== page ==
On the other hand, Exxon issues its quarterly reports 45 days after the close of the quarter, and this involves consolidating entities from more than 50 countries from a vast variety of businesses. It is highly unusual, indeed it would be shocking, for Exxon to later materially restate these earnings. We had one such issue when Shell had to restate its reserves in 2004. This led to the resignation of its Chairman, Philip Watts. Which is exactly the point I am making.

    I am not arguing that GDP numbers fully capture the economy, or that data definitions are not to an extent subjective. I do not believe I made any criticisms of including R&D in GDP numbers (although I had my doubts). I am asking why a number prepared using these standards is dramatically different that a number 90 days later prepared using the same standards. The size of the variance tells me that i) some data may not be available in timely fashion; ii) that the data is available but the systems to collect it are not; iii) that something may have changed which is making it harder for BEA to make estimates to fill in for missing data; iv) the skills of BEA staff have deteriorated for some reason (turnover); or v) the whole place is poorly managed.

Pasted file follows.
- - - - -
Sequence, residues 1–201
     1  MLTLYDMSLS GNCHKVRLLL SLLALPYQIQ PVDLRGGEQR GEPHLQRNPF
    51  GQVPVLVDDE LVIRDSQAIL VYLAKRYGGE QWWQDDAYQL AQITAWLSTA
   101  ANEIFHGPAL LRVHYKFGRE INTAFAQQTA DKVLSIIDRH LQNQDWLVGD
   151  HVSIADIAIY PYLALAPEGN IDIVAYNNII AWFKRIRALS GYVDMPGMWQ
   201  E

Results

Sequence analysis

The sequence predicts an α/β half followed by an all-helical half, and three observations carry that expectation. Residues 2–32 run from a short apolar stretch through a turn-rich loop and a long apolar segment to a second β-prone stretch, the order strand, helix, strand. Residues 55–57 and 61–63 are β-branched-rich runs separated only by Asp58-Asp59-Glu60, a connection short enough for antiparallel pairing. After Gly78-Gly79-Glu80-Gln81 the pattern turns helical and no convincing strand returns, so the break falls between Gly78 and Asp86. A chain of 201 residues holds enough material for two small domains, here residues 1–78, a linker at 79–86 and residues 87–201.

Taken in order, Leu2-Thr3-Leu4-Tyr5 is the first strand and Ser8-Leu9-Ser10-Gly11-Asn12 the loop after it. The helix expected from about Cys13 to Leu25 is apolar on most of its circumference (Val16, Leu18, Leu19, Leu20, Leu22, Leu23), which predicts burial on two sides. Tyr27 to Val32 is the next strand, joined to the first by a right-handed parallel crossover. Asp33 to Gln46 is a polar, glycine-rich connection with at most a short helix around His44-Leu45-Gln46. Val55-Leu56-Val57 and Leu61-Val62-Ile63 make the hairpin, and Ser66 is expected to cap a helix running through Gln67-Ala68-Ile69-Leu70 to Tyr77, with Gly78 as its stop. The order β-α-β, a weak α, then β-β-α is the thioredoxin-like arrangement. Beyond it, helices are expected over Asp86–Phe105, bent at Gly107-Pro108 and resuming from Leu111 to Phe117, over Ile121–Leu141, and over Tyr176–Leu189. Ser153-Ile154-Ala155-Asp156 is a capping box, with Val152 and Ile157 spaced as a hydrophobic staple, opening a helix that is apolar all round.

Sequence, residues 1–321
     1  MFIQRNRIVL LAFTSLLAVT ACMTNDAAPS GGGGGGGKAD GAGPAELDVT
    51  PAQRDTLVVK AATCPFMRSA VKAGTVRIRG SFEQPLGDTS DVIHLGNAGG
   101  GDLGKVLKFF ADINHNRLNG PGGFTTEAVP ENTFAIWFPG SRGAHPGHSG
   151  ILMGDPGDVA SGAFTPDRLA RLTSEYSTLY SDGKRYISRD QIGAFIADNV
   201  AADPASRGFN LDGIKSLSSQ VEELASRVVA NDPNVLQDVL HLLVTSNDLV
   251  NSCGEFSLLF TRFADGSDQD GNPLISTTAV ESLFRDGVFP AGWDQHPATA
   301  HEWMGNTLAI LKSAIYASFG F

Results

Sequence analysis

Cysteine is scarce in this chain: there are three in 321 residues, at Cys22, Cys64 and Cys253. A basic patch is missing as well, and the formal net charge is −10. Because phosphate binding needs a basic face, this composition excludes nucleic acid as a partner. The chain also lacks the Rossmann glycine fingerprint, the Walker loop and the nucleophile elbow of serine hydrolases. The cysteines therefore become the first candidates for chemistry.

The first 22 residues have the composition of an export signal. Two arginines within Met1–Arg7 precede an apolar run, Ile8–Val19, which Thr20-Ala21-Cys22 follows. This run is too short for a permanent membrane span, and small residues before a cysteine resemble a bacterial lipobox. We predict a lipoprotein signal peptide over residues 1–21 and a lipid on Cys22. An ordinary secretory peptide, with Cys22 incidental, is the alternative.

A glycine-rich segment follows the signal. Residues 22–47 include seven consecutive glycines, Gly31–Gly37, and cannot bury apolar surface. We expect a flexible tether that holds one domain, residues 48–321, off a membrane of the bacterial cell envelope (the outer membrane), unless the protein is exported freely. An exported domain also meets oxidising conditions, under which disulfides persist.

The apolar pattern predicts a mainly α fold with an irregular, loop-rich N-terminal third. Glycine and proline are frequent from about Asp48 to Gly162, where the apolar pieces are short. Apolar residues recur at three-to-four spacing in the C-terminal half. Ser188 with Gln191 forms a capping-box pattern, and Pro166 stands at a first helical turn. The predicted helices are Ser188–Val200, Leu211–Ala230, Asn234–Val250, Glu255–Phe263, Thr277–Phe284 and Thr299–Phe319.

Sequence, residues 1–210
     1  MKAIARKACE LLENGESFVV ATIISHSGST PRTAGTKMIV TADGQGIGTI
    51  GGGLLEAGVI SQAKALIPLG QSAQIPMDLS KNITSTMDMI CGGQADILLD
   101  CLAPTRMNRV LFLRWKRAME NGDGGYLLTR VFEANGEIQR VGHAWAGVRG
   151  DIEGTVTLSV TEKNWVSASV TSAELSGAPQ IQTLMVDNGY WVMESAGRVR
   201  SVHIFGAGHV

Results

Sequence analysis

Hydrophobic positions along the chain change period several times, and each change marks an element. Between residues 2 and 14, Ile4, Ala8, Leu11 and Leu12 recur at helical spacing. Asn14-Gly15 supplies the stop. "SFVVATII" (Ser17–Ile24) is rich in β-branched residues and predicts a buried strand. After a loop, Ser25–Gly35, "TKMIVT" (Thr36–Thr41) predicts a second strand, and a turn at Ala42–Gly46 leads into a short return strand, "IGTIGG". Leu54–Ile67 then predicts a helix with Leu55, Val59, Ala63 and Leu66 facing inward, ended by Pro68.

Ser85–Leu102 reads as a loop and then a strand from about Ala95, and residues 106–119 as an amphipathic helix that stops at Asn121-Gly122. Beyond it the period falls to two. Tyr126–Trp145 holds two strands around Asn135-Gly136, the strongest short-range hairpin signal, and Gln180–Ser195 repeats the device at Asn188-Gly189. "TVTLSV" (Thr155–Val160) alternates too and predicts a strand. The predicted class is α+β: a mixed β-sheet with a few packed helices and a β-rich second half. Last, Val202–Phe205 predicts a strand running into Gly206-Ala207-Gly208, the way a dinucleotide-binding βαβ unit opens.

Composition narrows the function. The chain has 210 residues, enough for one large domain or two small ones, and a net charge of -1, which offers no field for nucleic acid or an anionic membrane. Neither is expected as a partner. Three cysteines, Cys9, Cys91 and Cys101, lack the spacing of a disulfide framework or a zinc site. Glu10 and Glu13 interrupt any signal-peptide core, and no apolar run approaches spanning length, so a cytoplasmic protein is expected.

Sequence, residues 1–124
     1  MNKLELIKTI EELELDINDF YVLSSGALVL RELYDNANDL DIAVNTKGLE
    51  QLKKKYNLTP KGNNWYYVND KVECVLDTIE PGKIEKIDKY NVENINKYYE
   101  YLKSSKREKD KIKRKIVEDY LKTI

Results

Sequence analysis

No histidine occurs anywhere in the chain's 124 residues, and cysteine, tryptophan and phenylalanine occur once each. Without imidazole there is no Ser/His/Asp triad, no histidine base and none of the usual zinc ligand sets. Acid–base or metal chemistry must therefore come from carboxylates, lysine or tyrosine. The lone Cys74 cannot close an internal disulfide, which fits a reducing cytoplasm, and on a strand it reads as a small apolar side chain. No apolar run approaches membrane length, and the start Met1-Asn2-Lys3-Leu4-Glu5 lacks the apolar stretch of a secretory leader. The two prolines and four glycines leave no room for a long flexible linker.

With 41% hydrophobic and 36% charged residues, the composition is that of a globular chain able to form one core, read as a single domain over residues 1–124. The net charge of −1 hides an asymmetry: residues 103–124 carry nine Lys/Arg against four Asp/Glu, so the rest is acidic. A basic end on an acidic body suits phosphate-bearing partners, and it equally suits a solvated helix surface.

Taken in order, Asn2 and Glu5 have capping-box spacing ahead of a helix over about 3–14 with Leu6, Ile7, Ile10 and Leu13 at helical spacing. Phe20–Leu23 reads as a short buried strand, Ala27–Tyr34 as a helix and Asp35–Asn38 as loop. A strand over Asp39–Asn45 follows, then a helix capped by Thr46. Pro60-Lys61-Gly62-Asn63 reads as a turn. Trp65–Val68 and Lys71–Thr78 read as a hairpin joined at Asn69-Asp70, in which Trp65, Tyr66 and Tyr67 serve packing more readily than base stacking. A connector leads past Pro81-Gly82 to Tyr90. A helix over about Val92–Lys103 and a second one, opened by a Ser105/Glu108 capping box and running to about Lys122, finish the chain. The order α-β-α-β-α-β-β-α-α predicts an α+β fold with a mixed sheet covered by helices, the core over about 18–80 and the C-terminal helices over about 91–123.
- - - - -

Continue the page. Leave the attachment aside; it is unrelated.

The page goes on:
That’s what I would like to know.